Published in News

International data theft ring busted


Stole credit info by Wardriving

The U.S.
Department of Justice says it has broken a major international hacking ring that stole more than 40 million consumers’ credit and debit card information. The stolen data came from hacking a number of U.S. retailers, the largest number from retailer T.J. Maxx.

Also hacked were the networks of Sports Authority, Barnes & Noble, Boston Market, BJ's Wholesale Club, OfficeMax, Boston Market, Forever21 and DSW. Eleven people have been charged, including three people from the U.S., two from P.R.C., one from Belarus and one from Estonia. While the D.O.J. believes it has caught the ring leader, there are believed to be other members of the ring that have not been apprehended.

The method of theft is disconcerting: the D.O.J. says that the hackers obtained the credit and debit card numbers by "wardriving," or simply driving around and testing wireless computer networks for vulnerabilities, then hacking into them. 

Once the networks were hacked into, sniffer programs were installed that captured credit and debit card numbers, along with password and account information as the data was being processed.

The D.O.J. indictment indicated that after the information was collected members hid the data in encrypted servers in the U.S. and Eastern Europe. They then sold off some of the information across the Internet to others, which in turn allowed them to create phony credit cards with the information and to steal funds from in thousands of dollars at a time. The ring successfully laundered the funds by using Internet-based currencies in the U.S. and internationally and by funneling funds through Eastern Europe bank accounts.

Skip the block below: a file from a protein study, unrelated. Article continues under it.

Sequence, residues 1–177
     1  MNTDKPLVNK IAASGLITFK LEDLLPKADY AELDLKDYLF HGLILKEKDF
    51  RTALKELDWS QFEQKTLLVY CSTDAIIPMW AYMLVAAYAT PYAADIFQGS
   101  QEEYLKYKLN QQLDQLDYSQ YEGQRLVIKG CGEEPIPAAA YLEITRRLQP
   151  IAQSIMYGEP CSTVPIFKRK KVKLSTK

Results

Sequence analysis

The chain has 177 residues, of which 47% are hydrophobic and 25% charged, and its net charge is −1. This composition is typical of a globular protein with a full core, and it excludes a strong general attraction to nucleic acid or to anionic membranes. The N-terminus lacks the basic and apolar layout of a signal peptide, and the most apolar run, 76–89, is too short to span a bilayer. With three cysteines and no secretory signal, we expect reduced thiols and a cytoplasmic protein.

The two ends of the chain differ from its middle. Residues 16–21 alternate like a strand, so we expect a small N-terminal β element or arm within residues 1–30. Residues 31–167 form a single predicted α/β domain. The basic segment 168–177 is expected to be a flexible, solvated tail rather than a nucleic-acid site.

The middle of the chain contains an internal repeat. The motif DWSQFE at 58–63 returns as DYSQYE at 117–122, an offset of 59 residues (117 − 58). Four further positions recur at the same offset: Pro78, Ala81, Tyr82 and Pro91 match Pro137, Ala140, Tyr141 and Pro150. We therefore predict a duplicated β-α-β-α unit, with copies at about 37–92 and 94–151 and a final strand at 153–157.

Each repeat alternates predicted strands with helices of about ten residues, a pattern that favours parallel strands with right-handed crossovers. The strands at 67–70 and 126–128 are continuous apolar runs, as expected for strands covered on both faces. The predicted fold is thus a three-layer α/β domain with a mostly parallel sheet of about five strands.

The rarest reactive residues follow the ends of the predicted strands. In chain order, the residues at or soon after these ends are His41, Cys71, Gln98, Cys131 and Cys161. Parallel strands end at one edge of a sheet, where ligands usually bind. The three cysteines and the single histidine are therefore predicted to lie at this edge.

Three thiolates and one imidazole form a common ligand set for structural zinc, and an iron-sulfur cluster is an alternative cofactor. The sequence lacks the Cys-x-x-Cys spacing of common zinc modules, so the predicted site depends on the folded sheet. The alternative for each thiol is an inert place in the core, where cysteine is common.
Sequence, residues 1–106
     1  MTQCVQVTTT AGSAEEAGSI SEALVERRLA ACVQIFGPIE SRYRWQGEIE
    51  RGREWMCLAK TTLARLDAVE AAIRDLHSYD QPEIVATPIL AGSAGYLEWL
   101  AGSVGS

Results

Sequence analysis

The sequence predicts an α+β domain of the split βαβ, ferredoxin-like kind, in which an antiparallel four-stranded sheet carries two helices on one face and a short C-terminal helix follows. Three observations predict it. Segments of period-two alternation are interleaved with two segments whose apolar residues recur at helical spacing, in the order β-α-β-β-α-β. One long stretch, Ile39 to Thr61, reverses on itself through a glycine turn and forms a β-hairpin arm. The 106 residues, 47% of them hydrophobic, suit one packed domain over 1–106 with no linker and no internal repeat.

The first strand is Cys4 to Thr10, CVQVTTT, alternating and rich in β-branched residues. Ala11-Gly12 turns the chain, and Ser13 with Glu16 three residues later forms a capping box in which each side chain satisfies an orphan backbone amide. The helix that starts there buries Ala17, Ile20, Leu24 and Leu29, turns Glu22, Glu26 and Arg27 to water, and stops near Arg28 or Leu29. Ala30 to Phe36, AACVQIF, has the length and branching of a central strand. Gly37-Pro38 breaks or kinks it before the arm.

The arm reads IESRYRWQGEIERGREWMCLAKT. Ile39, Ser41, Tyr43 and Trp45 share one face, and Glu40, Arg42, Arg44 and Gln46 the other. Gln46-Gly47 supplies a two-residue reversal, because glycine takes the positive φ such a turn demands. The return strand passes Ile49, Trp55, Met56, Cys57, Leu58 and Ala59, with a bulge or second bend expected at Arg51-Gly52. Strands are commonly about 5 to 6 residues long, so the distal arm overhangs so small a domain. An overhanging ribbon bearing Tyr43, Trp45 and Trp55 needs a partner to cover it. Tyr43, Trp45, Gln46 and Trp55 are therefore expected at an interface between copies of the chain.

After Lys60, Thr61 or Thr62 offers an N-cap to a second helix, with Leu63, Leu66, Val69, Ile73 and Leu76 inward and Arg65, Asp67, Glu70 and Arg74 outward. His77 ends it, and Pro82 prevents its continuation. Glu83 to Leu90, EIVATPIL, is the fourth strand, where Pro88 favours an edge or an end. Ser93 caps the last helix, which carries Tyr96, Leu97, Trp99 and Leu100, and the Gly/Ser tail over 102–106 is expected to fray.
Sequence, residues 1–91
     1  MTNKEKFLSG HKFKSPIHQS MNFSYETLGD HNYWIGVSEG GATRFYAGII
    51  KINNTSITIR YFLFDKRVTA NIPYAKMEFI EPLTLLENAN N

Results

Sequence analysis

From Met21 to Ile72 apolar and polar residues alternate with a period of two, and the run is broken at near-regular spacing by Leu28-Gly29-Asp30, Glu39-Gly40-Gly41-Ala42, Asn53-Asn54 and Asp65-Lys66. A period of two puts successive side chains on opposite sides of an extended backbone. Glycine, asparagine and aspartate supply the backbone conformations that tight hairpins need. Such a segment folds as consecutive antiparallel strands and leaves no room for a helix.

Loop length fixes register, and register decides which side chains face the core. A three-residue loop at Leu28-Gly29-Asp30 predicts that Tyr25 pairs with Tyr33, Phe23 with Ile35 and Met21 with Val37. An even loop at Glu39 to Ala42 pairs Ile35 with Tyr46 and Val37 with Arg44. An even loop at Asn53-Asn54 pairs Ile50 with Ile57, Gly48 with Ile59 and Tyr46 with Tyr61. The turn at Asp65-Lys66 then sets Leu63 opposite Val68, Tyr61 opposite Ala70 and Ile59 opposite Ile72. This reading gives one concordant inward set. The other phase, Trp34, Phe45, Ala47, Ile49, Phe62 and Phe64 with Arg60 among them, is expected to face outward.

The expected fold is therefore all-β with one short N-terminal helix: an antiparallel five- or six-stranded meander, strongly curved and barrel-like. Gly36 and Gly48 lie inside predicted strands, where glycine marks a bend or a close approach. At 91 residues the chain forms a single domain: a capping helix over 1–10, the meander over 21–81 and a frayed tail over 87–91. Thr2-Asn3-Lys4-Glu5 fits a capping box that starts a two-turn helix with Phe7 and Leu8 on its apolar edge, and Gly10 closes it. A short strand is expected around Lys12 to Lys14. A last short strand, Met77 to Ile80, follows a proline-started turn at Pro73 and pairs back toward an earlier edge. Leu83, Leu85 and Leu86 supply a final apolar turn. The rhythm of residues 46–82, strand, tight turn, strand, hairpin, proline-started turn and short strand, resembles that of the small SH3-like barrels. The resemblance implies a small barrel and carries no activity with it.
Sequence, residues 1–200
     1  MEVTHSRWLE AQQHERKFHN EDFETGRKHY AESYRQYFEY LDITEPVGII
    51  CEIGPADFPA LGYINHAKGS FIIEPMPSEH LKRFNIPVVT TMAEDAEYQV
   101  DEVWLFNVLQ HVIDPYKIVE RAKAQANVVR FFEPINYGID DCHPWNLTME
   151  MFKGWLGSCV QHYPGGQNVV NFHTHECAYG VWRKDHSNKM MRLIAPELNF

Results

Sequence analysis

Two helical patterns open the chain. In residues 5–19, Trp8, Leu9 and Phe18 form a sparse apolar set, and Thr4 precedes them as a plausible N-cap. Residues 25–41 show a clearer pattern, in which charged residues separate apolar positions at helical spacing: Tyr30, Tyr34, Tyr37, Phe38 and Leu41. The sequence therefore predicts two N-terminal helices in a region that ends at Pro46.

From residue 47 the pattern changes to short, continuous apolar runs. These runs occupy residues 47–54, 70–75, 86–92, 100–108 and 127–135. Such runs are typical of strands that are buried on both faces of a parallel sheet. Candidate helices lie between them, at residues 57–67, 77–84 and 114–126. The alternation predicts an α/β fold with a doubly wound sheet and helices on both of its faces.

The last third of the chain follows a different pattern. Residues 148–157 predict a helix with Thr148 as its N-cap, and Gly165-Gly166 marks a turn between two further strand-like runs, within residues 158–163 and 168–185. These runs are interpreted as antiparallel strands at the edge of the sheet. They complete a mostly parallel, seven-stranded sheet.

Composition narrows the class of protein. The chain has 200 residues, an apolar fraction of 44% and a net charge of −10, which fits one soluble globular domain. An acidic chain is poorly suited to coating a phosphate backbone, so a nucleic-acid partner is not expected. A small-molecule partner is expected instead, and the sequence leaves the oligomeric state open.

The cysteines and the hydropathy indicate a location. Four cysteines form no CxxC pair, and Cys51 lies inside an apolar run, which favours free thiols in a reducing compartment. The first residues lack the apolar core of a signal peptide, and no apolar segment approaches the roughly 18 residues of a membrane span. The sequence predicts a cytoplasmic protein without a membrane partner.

T.J. Maxx/TJX systems were hardest hit, as it was using Wireless Encryption Protocol (WEP) to encrypt its data transactions, a very insecure type of encryption. The hackers became so familiar with the TJX system that they reportedly left each other encrypted messages in the TJX network to let each other know which files had been copied.

The real question is why these major companies still are using networks that are not adequately secure. If data can be stolen by someone simply driving around outside someone’s building, then there is a problem. Kind of makes you want to pay with cash at all times.

Last modified on 07 August 2008
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